The recent FIDI Conference in Amsterdam was an opportunity for FIDI members to take stock of many industry trends – but the topic that dominated was technology. In all kinds of industries the same conversations are happening: but how is technology changing the world of global mobility? And what are the key technologies that we need to watch?
Three technological trends came up repeatedly. And the good news is that we should not see them as complications to our lives. Blockchain, artificial intelligence and data analytics are going to make our lives easier. Here’s how.
Trend #1: Blockchain – streamlining processes
Global assignments are managed through a complex arrangement of companies, agencies, individuals and governments – all spread around the world, and often working in very different ways. This means that communications and processes between them are painfully slow and laborious.
From customs clearance and insurance documents to payment processes and working permits, we have to deal with lots of small, unconnected mini-processes, each with its own documentation.
The principle behind blockchain streamlines these processes by bringing everything together and logging it on a single distributed “hyper-ledger”.
Because every transaction is indelibly recorded and made viewable to all interested parties, it is a trusted single source of truth. This removes much of the manual work involved in such processes. What used to be done by several people over a week can now be done quickly by a single person.
Trend #2: Data analytics – proving your worth
For years, global mobility has been trying to assume a more strategic role in the organization. But to do that, it has to prove its value. Which means producing some hard facts.
The case for data analytics is clear. As analytics technology evolves, we are better placed to measure and analyse factors such as:
Again, our use of analytics is just starting. BGRS reports in a survey that over 70% of companies are taking only a reactive approach to using data analytics – i.e. waiting to be asked before providing the information. But companies are increasingly using their data as a way to analyse and control costs, pre-empt problems, improve program design and ultimately to align with other parts of the business – e.g. HR and Talent Management.
It is often a constant battle to prove to other parts of the business the importance of the role played by global mobility. If you are armed with the right facts and figures – and show that you are using this data to support other divisions – your life will be much easier.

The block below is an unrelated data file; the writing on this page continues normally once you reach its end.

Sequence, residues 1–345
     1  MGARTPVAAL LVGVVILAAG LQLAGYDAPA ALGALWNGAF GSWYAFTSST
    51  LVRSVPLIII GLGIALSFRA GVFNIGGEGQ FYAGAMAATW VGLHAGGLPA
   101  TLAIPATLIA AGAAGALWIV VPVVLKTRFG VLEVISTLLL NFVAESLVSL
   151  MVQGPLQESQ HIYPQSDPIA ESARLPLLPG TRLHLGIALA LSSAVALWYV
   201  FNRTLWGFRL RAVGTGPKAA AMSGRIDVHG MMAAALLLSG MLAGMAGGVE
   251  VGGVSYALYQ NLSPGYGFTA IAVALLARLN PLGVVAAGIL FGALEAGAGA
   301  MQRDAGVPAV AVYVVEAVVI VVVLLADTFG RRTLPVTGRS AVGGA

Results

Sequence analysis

Trend #3: AI – making better use of your time
Artificial intelligence. The title seems partly ironic because AI exists to replace the tasks that require the least intelligence of us. While blockchain creates a single, trusted ledger where all transactions are documented, artificial intelligence frees us of the mundane.
AI technology automates payments, it pre-populates forms, it manages communications: all those tasks that might occupy an afternoon’s work of a human being can now be done by software behind the scenes.
Often known as machine learning, AI will have an increasing effect on global mobility processes. A typical example is the ‘chatbot’ – an AI-driven resource for assignees or other interested parties that delivers answers without the involvement of GM personnel. As the term ‘machine learning’ suggests, AI gets better over time. The software algorithms behind it are smart enough to identify patterns and respond accordingly – a simple example might be to place the most frequently requested resource at the top of the page.
The result is that expats, suppliers and other third parties get a better experience, while the more mundane tasks are removed from your to-do list.
Concerns and next steps?
The general agreement at the FIDI Conference was that the technologies mentioned will cascade through the industry in the coming years – with blockchain leading the way. Larger companies are more able to invest in their development, and their successes will embolden others to follow their example.
Keynote speaker Patrick Shwerdtfeger noted that use of such technologies will become so commonplace that it will be expected by customers. This is known as the Amazon effect, ie that technology makes our everyday lives so much easier as consumers that we begin to expect it in the workplace. “Rather than being a competitive advantage, not using it will become a disadvantage”.
However, one delegate’s concern that an emphasis on technology would take the ‘human factor’ out of global mobility was quickly discounted. It is true that ours is an industry built around people’s needs. And it is equally true that we should not forget the importance of human relationships and concerns. But blockchain, artificial intelligence and analytics will enhance our ability – and free up our time from administrative tasks – to act as and interact with humans. Because with better data, more streamlined processes and more efficient tools, people are more able to deliver creativity, innovation and value. People are freed from machine-like drudgery to be more effective than ever.
To help its Affiliates and global mobility stakeholders in general to navigate this complex and fast-changing world, FIDI Global Alliance will continue to keep a pulse on what’s happening – stay tuned for exciting news to come!